We’ll use this calculator from the U.S. Securities and Exchange Commission to illustrate. Let’s say you’re 40 years old and invest $10,000 in a retirement account that compounds interest once per year and earns 7 percent annually. Let’s also assume you never add another cent to that account. By the time you’re 65, your retirement account will be worth $54,274.

Not bad, right? Well, if you had invested that same $10,000, under the same conditions, at age 30, you’d have more than $106,765.

With retirement savings, lost time equals lost money.

5. Refinancing your house

As of this writing, 30-year fixed mortgage rates are hovering around 3.7 percent. That’s lower than a year ago.

Meanwhile, if you’ve been underwater on your mortgage and unable to take advantage of recent low interest rates, you may be in luck as property values have continued to rise in most of U.S. markets, albeit not as quickly as a year earlier.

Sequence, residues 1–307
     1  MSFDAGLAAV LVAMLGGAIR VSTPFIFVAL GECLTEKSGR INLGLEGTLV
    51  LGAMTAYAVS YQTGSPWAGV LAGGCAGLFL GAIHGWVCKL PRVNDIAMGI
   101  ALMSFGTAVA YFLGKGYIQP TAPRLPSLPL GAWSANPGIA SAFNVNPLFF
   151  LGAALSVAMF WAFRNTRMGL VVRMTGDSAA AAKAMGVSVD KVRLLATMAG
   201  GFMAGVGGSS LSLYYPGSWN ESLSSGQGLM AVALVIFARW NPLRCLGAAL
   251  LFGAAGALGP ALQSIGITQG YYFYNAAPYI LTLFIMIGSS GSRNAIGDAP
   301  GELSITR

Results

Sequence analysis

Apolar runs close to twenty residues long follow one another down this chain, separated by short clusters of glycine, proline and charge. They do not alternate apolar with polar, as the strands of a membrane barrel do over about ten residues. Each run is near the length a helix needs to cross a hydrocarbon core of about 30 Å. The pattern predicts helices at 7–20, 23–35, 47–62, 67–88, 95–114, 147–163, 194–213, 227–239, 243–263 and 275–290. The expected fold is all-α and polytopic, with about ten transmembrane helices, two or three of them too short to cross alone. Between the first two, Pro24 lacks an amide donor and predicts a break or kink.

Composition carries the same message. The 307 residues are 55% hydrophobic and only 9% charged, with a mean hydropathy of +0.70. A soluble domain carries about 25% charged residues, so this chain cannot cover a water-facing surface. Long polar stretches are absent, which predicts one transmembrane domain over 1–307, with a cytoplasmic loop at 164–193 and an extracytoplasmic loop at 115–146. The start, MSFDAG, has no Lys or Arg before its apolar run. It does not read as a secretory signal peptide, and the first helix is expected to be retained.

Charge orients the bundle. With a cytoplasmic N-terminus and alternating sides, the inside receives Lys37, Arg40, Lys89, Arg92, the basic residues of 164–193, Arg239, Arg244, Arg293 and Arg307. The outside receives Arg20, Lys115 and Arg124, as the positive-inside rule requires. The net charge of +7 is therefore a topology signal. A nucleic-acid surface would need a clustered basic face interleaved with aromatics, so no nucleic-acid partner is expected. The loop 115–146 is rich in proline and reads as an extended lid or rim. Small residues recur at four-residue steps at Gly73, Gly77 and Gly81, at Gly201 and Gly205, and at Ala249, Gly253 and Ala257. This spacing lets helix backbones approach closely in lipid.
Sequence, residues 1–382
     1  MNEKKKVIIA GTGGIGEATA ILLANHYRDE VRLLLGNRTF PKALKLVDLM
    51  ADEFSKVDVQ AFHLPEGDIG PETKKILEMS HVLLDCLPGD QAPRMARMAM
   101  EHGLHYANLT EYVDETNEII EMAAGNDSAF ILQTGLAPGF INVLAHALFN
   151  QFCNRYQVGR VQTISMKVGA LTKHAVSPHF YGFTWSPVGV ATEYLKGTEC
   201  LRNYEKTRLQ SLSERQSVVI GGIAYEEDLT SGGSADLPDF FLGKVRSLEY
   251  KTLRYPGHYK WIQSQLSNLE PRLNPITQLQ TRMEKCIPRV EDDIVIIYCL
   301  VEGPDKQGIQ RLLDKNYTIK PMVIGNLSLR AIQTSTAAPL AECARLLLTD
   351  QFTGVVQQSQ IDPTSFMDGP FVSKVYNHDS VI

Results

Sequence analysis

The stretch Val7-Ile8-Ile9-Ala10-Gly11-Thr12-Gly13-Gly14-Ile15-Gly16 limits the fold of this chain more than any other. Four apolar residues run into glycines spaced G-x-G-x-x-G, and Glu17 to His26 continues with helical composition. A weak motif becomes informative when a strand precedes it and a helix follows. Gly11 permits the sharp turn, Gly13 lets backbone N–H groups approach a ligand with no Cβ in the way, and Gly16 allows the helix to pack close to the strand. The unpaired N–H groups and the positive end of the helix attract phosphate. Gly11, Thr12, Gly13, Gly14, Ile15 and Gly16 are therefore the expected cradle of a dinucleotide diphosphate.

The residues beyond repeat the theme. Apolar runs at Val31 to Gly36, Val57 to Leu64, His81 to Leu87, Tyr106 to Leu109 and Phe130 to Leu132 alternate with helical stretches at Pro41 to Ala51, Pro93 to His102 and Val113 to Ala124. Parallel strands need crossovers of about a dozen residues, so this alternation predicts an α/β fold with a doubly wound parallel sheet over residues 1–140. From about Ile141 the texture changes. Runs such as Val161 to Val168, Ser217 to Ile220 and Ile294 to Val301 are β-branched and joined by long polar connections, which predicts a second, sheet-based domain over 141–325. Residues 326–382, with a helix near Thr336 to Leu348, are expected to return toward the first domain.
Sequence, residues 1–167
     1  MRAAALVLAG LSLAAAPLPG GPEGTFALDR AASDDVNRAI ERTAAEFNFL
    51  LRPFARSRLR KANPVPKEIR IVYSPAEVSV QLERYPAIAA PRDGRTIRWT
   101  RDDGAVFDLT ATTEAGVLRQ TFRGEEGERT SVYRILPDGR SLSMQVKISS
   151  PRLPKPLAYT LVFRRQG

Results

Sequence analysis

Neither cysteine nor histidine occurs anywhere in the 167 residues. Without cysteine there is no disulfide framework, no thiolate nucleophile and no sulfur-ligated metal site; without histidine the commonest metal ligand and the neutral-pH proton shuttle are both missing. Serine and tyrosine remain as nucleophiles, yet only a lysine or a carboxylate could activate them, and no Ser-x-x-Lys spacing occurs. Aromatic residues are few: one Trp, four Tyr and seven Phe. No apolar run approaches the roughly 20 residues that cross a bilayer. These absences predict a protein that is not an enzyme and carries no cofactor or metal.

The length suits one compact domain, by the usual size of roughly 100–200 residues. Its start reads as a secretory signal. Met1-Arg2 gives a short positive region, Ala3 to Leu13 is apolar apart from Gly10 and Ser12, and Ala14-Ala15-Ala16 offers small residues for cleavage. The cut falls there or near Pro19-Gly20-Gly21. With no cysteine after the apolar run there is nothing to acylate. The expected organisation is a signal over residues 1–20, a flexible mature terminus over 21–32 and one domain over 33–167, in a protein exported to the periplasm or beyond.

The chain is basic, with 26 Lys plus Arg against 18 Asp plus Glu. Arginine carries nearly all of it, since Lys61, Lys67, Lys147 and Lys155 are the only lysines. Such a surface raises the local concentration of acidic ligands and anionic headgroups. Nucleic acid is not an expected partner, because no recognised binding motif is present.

According to Freddie Mac, U.S. home prices rose an average of 5 percent in the first three quarters of 2014. Depending on your local housing market, in some states the growth was as high as 8 percent, that jump may be the boost you need to qualify for refinancing.

6. Planning meals

Meal planning might seem a little out of place next to refinancing and retirement savings, but stay with me for a minute.

The Bureau of Labor Statistics says the average household spent $2,625 on food away from home in 2013. That means that all those nights when you stare blankly into the fridge and then pack up the kids to eat out really add up. What’s more, you may find you are regularly eating breakfasts on the go and having your lunches out, too.